Our returning heroes are facing a disgraceful bureaucracy nationally and even locally when they try to get the treatment they have earned through their service.
Long waits and subpar care have plagued the centers that provide health care for our veterans. Meanwhile, the federal agency in charge of their care has been deliberately misleading the public about how bad things have become over time.
Locally, I receive regular calls from veterans who are facing the same problems we are seeing nationally. Not only is the Oklahoma branch among those federally-run outfits seeing problems, but we have also seen negligence at the state’s long-term treatment centers.
Despite the efforts of the officials involved in veteran care to hide their failures, the word has gotten out. Congress, which cannot often be counted on to work together, is even taking action. A $16.3 billion measure would allow Veterans Affairs to hire thousands of doctors and nurses while allowing veterans who cannot get prompt care to go outside the system. It will also make it easier to fire negligent executives in the bureaucracy. The U.S. House has voted 420-5 in favor of the measure and the U.S. Senate passed it 91-3. It now goes to the President for his signature.
Former Procter & Gamble CEO Robert McDonald has also been sworn in to take over the agency that serves millions of veterans. McDonald replaces Sloan Gibson, who took over as acting secretary after Eric Shinseki resigned amid controversy.
At the state level, we passed legislation in past years to pay for better staff and training. We also made leadership changes and created greater oversight. This fall, we will be conducting several studies on veteran issues to continue that work.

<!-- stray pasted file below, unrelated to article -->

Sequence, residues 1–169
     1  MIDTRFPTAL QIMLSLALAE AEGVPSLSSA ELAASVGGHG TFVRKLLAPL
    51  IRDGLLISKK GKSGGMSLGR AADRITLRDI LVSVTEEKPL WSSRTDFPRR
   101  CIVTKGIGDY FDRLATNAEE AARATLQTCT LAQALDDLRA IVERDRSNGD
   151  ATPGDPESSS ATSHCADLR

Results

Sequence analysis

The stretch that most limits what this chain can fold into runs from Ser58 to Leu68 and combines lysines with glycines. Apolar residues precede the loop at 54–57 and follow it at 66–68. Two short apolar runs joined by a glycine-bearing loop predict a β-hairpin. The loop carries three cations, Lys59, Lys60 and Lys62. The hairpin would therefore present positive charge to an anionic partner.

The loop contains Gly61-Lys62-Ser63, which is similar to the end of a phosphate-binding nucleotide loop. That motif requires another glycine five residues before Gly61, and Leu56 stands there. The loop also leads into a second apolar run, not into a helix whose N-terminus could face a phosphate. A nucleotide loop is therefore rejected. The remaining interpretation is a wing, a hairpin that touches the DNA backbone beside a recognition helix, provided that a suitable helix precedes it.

One study will examine the needs of the Oklahoma Department of Veterans Affairs facilities. We will be looking to make sure we know what is needed to provide high-quality care to the brave men and women who have sacrificed so much on our behalf.
A second study will focus on the incidence of suicide and homelessness among veterans. I know from talking to those who work with veterans that often some of the recurring pain and anxiety that veterans experience can be crippling, especially when inadequately treated. We want to know what can be done to prevent such cases.
Many state lawmakers are quickly becoming fed up with the status quo when it comes to veterans’ care. We will be looking to make our mark next year by addressing some of the problems we see in our state. Hopefully, the same will be true at the national level.
These brave men and women deserve this. They have earned it! We here in Oklahoma need to take the lead on veteran care. The veterans and their families have endured so much. We must correct this failed system and protect and care for those who have sacrificed so much to protect us.
As always, I would love to hear from you. I can be contacted at (405) 557-7407.